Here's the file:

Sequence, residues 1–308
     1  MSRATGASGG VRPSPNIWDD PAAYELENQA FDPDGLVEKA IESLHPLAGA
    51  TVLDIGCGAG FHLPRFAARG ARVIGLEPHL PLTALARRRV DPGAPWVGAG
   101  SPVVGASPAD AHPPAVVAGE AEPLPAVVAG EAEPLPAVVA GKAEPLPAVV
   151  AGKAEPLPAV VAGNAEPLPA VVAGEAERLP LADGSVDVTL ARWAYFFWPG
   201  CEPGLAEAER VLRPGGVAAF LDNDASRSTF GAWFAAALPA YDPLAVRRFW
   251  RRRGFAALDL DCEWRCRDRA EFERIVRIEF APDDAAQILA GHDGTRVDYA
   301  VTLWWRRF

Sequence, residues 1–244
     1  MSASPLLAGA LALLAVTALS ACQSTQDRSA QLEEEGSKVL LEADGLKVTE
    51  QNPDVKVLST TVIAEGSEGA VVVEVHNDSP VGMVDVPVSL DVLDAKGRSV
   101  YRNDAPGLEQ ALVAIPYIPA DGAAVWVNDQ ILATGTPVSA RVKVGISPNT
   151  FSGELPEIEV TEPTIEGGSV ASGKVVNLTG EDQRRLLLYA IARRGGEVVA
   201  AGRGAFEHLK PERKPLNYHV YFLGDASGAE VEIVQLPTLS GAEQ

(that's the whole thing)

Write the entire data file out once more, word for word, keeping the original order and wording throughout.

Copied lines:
Sequence, residues 1–308
     1  MSRATGASGG VRPSPNIWDD PAAYELENQA FDPDGLVEKA IESLHPLAGA
    51  TVLDIGCGAG FHLPRFAARG ARVIGLEPHL PLTALARRRV DPGAPWVGAG
   101  SPVVGASPAD AHPPAVVAGE AEPLPAVVAG EAEPLPAVVA GKAEPLPAVV
   151  AGKAEPLPAV VAGNAEPLPA VVAGEAERLP LADGSVDVTL ARWAYFFWPG
   201  CEPGLAEAER VLRPGGVAAF LDNDASRSTF GAWFAAALPA YDPLAVRRFW
   251  RRRGFAALDL DCEWRCRDRA EFERIVRIEF APDDAAQILA GHDGTRVDYA
   301  VTLWWRRF

Sequence, residues 1–244
     1  MSASPLLAGA LALLAVTALS ACQSTQDRSA QLEEEGSKVL LEADGLKVTE
    51  QNPDVKVLST TVIAEGSEGA VVVEVHNDSP VGMVDVPVSL DVLDAKGRSV
   101  YRNDAPGLEQ ALVAIPYIPA DGAAVWVNDQ ILATGTPVSA RVKVGISPNT
   151  FSGELPEIEV TEPTIEGGSV ASGKVVNLTG EDQRRLLLYA IARRGGEVVA
   201  AGRGAFEHLK PERKPLNYHV YFLGDASGAE VEIVQLPTLS GAEQ